Says Houston pitcher Lance McCullers Jr., “I’m with Dusty. I really didn’t know who he was. I thought that was pretty bad timing after we had scored six runs that night. I don’t know whether he was looking for retweets or more Instagram followers or just wanted to throw some s--- out there, but I think what we did today [in Game 4] spoke volumes.
“We outplayed them in every aspect of the game. We’re the better team. That was clear.”
What Tepera said was dumb more than intentionally malicious. Why go there at all? The effect of going there was going to be nothing but helpful to the Astros and unhelpful to his team. Anyway, the White Sox had far more egregious home/road splits than did Houston this year.
“That’s not really the story,” Tepera had said after quickly trying to defuse his claim. “All we have to do is execute pitches and they can’t hit ‘em anyway.”
Wrong again. The Astros scored the most runs and had the lowest strikeout rate in the majors this year. The White Sox had the best strikeout stuff in the league. But everywhere Chicago turned for swings and misses in this series the Astros seemed to have an answer.
“What makes this offense so tough is the way they make adjustments,” Cintrón says. “We didn’t expect [Carlos] Rodón to come out throwing 97 today. But you know what? Michael Brantley came back to the dugout in the first inning and he goes, ‘Guys, his slider is not that good today.’ This team is on top of everything. The way they make adjustments is amazing.”
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Another example: Correa came to the plate in the third inning with two outs and Chicago leading, 1-0. All the energy Rodón expelled in the first inning started to take its toll. (Rodón hit 99 mph for the first time since July 18, screamed after a strikeout of Bregman and bounced around the dugout afterward like a prize fighter. For a guy who threw five innings in the previous three weeks, you could see him burning fuel at a too-rapid rate.)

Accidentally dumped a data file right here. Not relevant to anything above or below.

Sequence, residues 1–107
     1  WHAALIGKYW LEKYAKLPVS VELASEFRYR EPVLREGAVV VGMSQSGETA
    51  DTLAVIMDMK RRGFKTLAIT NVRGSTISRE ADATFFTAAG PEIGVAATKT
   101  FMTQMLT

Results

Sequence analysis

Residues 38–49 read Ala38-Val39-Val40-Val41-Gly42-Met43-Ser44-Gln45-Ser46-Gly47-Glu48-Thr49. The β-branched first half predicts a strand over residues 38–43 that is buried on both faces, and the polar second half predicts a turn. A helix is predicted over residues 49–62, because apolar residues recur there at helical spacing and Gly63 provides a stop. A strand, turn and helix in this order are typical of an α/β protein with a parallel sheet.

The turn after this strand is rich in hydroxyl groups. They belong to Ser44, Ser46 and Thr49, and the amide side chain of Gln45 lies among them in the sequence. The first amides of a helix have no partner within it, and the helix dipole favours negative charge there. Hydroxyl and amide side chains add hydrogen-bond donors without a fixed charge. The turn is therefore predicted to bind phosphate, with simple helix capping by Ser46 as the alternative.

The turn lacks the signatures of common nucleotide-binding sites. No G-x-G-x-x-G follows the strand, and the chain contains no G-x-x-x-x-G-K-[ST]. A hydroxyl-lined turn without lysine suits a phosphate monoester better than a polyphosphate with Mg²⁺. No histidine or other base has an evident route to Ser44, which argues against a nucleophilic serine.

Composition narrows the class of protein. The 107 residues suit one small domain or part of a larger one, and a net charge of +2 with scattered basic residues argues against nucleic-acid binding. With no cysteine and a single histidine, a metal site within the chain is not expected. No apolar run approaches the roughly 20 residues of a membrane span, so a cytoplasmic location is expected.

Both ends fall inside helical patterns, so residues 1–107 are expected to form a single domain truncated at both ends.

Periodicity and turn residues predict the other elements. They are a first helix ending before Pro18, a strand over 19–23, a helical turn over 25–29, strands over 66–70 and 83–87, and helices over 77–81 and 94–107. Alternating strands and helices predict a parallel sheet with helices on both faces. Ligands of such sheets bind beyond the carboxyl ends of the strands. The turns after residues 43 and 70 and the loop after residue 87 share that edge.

Rodón’s velocity began to dip. He loaded the bases on a hit by pitch and two walks. White Sox manager Tony La Russa had Michael Kopech warmed, but for some reason didn’t bring him in to get a fresh and right-handed arm on Correa. Rodón jumped ahead in the count, 0-2.
“I was absolutely sitting on fastball,” Correa says. “Bases loaded, two outs, two strikes, I saw the way he pounded his chest after that first inning. There was no doubt in my mind—bases loaded, crowd going wild—what he was going to try to do. I just told myself to get on top of it.”
Correa does not pull fastballs. The last time he pulled a pitch 95 mph or more for an extra-base hit was four years ago, a double off Luis Severino of the Yankees in 2017. But this time he was so sure that Rodón was going to try to beat him with velocity that he sold out for it. He smashed the ensuing 97-mph heater to left field for a two-run double.
These are the kind of smart, little victories the Astros pile up. They had not stolen a base for 11 straight games coming into this series, but when White Sox pitchers were clumsily slow to the plate, they took bags. When Chicago reliever Garrett Crochet left a 3-0 fastball over the plate to Bregman, as if anticipating a free strike, the third baseman punished it for a two-run double.